The Ukrainian parliament (the Rada) has passed a resolution ruling that presidential and parliamentary elections should be held simultaneously before December 9.
Meanwhile, there are only 254 MPs in the Rada at the moment, after allies close to President Yushchenko gave up their seats when he issued his first decree to dissolve Parliament. So it is unknown if the Presidential elections will have to go ahead.
Ukrainian President Viktor Yushchenko has dismissed one of the Constitutional Court judges for allegedly violating an oath of office. This information has not been confirmed by the President’s press service so far.
The decision comes as the Court continued hearings into the legality of President Yushchenko's decision to dissolve Parliament and call early elections.
Ukraine remains deadlocked in the political crisis that has gone on for almost a month now though Viktor Yanukovich still believes the compromise is possible.
West of the country has begun to wake up to the political message of the ruling coalition. Those who have travelled to both Eastern and Western Ukraine, say that being in Lviv is like being in another world, and the city highlights how diverse Ukraine is. In its streets one can never tell whether he is in Prague, Belgrade or Vienna. Not only its appearance is different, but its attitude and politics as well.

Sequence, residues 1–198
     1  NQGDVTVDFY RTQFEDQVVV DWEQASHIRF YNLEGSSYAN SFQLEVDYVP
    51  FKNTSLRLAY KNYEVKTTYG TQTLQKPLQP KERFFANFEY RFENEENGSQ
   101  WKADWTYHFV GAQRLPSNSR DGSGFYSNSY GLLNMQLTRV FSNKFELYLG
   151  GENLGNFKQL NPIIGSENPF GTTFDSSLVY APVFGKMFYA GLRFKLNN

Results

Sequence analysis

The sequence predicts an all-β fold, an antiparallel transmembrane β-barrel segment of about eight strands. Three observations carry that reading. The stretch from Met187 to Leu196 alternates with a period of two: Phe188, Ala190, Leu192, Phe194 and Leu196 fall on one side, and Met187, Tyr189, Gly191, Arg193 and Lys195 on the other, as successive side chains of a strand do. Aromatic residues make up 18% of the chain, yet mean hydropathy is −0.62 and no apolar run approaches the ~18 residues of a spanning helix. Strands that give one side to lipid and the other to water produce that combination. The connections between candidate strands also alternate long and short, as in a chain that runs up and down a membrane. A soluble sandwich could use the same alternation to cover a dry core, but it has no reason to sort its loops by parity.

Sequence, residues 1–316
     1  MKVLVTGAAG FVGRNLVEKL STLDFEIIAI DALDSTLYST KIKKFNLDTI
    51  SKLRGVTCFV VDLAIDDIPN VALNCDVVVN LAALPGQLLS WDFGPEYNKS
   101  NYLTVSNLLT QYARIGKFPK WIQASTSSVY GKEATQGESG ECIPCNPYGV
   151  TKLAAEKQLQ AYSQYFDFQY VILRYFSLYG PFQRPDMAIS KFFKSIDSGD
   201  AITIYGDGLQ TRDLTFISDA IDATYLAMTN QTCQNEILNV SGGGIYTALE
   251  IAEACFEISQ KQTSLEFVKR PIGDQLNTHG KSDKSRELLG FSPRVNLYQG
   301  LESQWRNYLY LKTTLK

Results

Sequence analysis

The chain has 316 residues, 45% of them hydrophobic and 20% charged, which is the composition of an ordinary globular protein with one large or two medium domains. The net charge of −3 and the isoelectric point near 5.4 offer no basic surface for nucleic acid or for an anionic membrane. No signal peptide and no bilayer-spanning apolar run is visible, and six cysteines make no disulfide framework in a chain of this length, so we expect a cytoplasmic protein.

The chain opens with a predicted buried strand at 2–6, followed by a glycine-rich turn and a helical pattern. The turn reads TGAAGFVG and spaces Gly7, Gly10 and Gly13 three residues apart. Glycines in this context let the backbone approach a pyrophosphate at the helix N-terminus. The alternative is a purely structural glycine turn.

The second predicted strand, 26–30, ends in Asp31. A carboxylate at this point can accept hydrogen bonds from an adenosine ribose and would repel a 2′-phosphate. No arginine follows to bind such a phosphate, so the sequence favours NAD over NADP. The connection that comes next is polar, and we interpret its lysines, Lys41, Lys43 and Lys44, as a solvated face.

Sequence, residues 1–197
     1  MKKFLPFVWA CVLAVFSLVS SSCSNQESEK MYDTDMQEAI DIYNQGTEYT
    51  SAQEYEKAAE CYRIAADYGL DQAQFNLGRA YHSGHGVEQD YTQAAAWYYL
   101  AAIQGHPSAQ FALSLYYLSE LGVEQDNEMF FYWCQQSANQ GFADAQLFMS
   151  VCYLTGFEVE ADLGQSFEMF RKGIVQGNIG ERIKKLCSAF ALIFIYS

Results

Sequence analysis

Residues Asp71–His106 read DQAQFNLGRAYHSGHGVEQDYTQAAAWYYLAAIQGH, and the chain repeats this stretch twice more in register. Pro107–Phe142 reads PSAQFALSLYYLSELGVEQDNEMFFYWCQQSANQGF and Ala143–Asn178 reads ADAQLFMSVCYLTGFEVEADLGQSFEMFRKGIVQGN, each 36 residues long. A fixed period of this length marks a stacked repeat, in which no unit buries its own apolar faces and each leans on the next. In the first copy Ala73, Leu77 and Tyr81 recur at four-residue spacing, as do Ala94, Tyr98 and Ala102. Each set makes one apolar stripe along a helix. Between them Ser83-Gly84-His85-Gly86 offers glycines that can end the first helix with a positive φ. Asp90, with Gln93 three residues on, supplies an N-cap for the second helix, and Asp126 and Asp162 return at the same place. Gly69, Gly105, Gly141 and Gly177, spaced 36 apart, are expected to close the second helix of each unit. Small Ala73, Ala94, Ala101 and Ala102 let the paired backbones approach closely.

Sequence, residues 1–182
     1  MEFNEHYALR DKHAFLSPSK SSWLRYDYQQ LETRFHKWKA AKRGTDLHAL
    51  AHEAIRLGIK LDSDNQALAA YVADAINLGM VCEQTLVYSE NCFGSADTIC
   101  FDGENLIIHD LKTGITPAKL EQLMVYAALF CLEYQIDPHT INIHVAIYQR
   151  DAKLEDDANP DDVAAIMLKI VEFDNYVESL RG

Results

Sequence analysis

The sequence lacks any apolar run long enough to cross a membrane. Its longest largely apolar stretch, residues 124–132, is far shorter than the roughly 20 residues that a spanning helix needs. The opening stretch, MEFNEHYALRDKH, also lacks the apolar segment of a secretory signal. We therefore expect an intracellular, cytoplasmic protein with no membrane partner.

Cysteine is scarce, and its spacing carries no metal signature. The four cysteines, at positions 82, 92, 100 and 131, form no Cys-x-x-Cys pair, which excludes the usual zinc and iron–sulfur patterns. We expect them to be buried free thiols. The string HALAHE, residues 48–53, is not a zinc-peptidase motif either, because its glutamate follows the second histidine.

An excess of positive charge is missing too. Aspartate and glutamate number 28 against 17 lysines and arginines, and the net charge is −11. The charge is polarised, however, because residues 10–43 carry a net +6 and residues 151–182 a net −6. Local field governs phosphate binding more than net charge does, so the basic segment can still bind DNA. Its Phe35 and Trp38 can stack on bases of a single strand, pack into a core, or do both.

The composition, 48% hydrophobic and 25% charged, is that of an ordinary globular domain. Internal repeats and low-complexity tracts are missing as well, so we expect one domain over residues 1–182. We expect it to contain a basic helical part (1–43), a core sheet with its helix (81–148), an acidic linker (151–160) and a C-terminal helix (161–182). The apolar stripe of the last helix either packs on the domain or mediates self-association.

Unlike mostly pro-Russian Eastern Ukraine, there people and politicians stand for close integration with Europe and NATO.
That might just be the reason for the huge popularity of the Orange opposition there. The whole region is governed by deputies of the Our Ukraine party and Yulia Timoshenko's bloc. They say that is why they are not taking people to the streets.“Who should we go to protest against – our Governor? The City Council members are all from the Orange camp. Once we organised a so-called protest, set up a stage in the centre of Lviv. People gathered but it brought nothing,”
Aleksandr Starovoit, Our Ukraine Lviv spokesman said.
Support for the ruling coalition there is few, to say the least. But since President Yushchenko's decision to dissolve Parliament, their popularity is reported to have grown by 5%. Yaroslav Trush feels no shame to be the only supporter of the Party of the Regions on his block. He explains why.“When the Orange forces came to power, me and my son were fired without any reason. We lost our only source of income. Since then I have begun to look more carefully at the politicians. From this point of view, the Party of Regions is closer to me,”
Yaroslav Trush, Party of Regions activist declared.